When working through all these steps, it helps both you and your students to understand that economics is a social science closely related to ethics. So let us delve into ethics before concentrating on the dreary subjects of WEF, WSF and world government. (Ethics is also that students may help each other when writing their paper but that they don’t cheat unless nazis threaten to kill their family in which case they may consult books on ethics.) 

It might be noted that interest in globalisation etcetera does not imply that your students are bright. In the past, some students have been throwing bricks at G8 meetings - which is no proof of intelligence. The bright students in step 2 above know, so to speak, that if they see a brick lying on the ground, then it can’t be there since some less bright student has picked it up already.

Definition of economics

Many people, and especially economists, are a bit confused about what economics is. I can usefully quote from what I wrote elsewhere:

Colignatus (2005:11), "Definition & Reality of the General Theory of Political Economy", Dutch University Press, defines:

"Political Economy is the science of the management of the state. More in general, ‘economics’ is Greekish for ‘management theory’. [footnote] Marshall already explained that ‘economics’ is wider than ‘political economy’, see his "Principles of economics" (1947:43). The proper definitions are:
  • Economics ‘in a narrow sense’ puts the approach, methods and tools, of the discipline central, and looks at a variety of subjects.
  • Political Economy puts the subject, the management of the state, central. 
  • Economics ‘in a broad sense’ joins the ‘narrow sense’ and Political Economy.
One way to view these distinctions is to visualize a matrix with the sciences in the rows and the subjects in the columns. The common economist may to some extent neglect the inputs of the other disciplines, but the political economist must draw on the resources of philosophy, history, law, sociology, politicology, social psychology, biology, physics and so on. Political Economy is, just by definition, the study that tries to integrate all human knowledge about the management of the state. Political Economy is, in that respect, the proper continuation of ancient philosophy on that subject matter." It is also useful to remark that one of the basic tenets of the economic theory of the firm is that profits exist for the survival of the firm, but that the main objective of the firm is to serve the community. It is gratifying to make a profit, and it necessary to do so to survive, but in the long run it is more gratifying to have been of service to the community. Each entrepeneur has to find the personal and social optimum here. A subsequent tenet of the theory of the firm is that it tends to be suboptimal to spend profits on philanthropy to justify exploitation of people to generate those profits. It would be more optimal to avoid exploitation of people even if it causes lower profits.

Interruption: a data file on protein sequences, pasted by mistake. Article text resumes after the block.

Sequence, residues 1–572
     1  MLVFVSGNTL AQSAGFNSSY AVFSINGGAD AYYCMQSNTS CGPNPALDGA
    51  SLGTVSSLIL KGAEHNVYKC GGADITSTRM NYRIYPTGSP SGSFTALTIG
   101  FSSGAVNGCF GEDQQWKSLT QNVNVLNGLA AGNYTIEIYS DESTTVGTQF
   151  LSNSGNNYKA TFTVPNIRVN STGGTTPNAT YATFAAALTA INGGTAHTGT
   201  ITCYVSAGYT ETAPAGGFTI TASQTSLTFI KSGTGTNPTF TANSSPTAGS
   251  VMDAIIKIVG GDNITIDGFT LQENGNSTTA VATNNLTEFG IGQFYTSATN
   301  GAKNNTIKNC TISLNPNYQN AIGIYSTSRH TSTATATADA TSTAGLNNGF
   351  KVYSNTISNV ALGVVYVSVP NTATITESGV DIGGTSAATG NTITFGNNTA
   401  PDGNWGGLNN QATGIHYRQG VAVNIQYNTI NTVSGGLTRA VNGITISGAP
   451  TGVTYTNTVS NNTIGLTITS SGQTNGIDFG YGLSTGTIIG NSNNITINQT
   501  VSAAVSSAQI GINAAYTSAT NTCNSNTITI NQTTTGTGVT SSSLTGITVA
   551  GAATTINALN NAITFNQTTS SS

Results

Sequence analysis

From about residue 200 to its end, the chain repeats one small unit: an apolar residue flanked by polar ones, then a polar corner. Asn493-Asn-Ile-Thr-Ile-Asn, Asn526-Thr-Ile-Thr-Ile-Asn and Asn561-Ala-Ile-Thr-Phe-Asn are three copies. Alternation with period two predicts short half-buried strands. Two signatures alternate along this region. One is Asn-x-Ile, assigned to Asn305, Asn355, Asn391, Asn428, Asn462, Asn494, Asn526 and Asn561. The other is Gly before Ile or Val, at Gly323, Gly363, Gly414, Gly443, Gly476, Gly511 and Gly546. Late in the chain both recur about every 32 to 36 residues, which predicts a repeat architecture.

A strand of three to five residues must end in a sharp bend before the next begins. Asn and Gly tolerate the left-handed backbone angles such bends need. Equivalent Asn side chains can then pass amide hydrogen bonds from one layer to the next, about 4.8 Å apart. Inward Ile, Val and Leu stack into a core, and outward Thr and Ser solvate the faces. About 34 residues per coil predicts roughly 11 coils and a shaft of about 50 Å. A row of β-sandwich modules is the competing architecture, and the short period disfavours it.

A social science closely related to ethics

As an economic adviser I don’t mind admitting that I enjoy apple pie, since people generally understand that they themselves don’t have to follow suit. It would be silly to assume that you would order apple pie just because I enjoy it.Yet, when I would admit that I enjoyed Michael Shenefelt’s "The questions of moral philosphy", Humany Books, an imprint of Prometheus books, 1999, then I hesitate, since an opposite effect might occur. That is, some students might think that they wouldn’t have to read that book. Such a pity. Are you sure that your brightest students are reading this ?

Anyway, Shenefelt recalls that the economist Jeremy Bentham advanced compassion. 

In particular: 

"Bentham believed his theory to be no more hobbyhorse. He saw it, to the contrary, as an instrument of social reform. The laws and customs of England, he thought, clearly favored the pleasure of the few, not the pleasure of the greatest number, and because he said so publicly, he eventually became leader of the "philosophical radicals," a collection of like-minded writers, agitators, and politicians who campaigned for political change. They advocated adult male suffrage, the secret ballot, limitations on hereditary privilege, prison reform, free trade, the humane treatment of animals, and public sanitation, and their efforts culminated just after Bentham’s death in the famous Reform Bill of 1832, a landmark of British social legislation." (p48) Advised reading is Shenefelts whole book, yes all of it, also on economists like Adam Smith and John Stuart Mill.